Sima Medved

Sima Medved
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This is a picture of me in the first postwar year in Kiev in 1946. In February 1944 my daughter and I returned to Kiev. My relatives went back to Novozlatopol. They worked at the collective farm: Sonia looked after piglets, Esther was a milkmaid and Iosif, Slava's husband, was a vet. Later some younger members of our family moved to Zaporozhye and either got a job or studied there. Returning to Kiev was a disappointment for me. Although I came back with an assignment of the Central Committee of the Communist Party and had brilliant references from my previous job, I couldn't find a job or place to live. I felt unwelcome. At first I didn't have a clue of what it was about, but then it occurred to me that the reason was that I was a Jew. I managed to get a 16-square-meter room. I went to the regional party committee where I met my former schoolmate. He helped me to get a position at the central committee of the Oil Industry Trade Union for the southern and central parts of Ukraine. Asia began school when she turned 7. She was an intelligent girl and successful at school. My sister Vera returned from evacuation and settled down with me for a year. Then the owner of the room came back from Germany. He brought a truck full of goods with him. I was at work, and he threw my belongings into a shed in the corner of the yard. I was horrified. He returned with his wife, they had no children and they dared to throw me, a widow with a child, out onto the street! I went to my boss at the Oil Industry Trade Union and told him my story. He was a real bastard. He just said, 'There's nothing I can do for you'. I had a friend, Fenia Demirskaya, and Asia and I went to live with her temporarily. The chairman of the central committee sent me on a business trip to Western Ukraine. I was mad at him. He had no right to send me to a problem area when I had a small daughter whose father had perished at the front. However, I couldn't disobey my management orders, so I had to go. Western Ukraine joined the USSR in 1940. [Editor's note: It was in fact annexed by the USSR after the Molotov-Ribbentrop Pact.] The situation was difficult. There were bandits in the woods who hunted for Soviet leaders. [Editor's note: They were fighting against the communist rule.] Women weren't supposed to be sent to such unstable areas, but I was an industrious employee and went there. I left Asia with my friend. My assignment was to restore trade unions in the oil industry. I moved from one place to another. I had a vehicle at my disposal. Then I returned to Kiev. Again I went to my boss to ask for his help, and again I heard, 'There's nothing I can do for you'. I didn't go to higher authorities, although I had every right to complain. I submitted a letter of resignation. Even now I think that I was an idiot to do so.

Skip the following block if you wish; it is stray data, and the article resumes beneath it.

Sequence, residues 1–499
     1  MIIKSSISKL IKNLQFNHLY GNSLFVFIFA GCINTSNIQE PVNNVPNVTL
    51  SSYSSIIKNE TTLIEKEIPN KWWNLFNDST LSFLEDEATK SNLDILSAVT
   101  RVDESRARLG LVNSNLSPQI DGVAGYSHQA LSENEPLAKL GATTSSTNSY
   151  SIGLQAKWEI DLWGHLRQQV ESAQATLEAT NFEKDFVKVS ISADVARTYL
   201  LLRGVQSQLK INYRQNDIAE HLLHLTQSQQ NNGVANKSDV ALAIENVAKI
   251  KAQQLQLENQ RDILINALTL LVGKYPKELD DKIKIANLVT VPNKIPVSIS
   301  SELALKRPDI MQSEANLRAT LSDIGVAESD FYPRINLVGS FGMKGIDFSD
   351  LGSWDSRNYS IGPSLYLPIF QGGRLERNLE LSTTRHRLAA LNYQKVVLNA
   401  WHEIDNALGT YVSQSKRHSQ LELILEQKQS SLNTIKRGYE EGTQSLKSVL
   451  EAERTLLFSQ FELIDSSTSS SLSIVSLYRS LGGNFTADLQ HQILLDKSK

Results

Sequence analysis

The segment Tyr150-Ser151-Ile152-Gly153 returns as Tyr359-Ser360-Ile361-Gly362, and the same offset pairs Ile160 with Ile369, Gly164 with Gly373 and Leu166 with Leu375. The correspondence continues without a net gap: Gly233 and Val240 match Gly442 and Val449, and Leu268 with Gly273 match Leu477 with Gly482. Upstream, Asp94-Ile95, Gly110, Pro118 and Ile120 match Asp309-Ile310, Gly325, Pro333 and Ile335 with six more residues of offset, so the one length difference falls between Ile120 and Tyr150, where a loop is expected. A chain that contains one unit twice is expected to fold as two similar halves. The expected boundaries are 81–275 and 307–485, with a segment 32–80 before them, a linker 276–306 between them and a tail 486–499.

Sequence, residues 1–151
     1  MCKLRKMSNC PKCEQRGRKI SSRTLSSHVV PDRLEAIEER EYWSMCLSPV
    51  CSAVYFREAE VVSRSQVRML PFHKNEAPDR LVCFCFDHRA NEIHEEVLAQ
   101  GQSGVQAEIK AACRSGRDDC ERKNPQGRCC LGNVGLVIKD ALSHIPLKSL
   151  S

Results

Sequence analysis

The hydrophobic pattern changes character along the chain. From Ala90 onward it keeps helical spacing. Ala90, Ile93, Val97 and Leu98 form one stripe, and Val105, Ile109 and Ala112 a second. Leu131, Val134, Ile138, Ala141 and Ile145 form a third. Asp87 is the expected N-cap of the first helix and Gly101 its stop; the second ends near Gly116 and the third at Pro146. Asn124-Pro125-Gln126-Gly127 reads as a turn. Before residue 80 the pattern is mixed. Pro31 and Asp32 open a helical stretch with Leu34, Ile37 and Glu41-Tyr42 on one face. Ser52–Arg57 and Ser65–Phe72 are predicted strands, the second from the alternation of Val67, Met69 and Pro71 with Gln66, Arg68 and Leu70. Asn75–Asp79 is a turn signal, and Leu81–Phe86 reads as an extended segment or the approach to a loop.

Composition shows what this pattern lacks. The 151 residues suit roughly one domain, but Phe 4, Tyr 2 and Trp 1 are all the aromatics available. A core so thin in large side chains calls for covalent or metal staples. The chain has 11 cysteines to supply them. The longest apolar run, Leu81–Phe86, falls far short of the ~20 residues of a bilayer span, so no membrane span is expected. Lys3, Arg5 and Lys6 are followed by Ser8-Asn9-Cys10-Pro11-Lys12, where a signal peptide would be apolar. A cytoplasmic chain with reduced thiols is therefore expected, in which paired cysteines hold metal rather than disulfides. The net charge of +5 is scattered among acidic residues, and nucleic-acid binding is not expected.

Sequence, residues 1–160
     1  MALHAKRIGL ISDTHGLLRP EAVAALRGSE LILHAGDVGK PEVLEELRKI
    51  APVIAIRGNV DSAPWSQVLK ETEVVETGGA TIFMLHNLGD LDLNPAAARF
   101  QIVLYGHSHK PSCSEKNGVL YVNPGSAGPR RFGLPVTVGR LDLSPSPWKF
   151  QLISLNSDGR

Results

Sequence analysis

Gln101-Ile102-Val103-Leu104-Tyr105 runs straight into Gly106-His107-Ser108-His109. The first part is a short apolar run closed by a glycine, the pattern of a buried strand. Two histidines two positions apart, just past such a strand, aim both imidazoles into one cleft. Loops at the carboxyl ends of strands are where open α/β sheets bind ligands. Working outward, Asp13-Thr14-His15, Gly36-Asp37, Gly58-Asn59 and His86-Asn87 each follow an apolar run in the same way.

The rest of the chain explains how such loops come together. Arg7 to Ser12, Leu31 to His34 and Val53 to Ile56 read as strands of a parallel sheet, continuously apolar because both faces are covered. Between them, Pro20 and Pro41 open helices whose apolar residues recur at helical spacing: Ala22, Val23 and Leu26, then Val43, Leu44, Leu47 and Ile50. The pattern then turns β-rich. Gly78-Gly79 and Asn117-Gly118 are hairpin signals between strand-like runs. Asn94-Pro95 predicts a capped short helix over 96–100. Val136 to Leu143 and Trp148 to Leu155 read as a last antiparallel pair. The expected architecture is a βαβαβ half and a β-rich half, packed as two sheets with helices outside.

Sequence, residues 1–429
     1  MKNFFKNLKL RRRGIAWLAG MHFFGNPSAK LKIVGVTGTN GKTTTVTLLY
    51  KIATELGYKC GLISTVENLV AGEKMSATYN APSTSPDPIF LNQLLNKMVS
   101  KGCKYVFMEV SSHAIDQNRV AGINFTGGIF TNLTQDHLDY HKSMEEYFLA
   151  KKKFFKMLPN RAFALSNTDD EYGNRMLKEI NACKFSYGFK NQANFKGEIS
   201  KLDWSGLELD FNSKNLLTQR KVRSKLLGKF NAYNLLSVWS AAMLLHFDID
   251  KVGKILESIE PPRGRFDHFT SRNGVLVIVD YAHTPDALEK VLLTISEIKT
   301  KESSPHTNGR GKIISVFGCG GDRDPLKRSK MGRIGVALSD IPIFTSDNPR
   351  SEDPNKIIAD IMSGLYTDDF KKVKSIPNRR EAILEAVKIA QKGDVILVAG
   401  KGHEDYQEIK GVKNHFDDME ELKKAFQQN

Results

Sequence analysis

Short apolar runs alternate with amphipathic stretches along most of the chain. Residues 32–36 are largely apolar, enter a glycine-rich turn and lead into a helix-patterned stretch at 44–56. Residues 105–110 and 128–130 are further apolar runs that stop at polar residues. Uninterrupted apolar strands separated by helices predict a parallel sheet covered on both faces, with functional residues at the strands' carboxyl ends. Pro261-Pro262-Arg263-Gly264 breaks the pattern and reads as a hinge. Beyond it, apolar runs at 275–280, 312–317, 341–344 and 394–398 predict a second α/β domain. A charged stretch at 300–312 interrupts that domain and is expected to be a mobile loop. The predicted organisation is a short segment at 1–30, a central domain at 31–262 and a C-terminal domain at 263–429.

Interview details

Interviewee: Sima Medved
Ella Orlikova
Month of interview:
Year of interview:
Kiev, Ukraine


Sima Medved
Year of birth:
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Country name at time of birth:
before WW II:
Manual laborer
after WW II:
Party official

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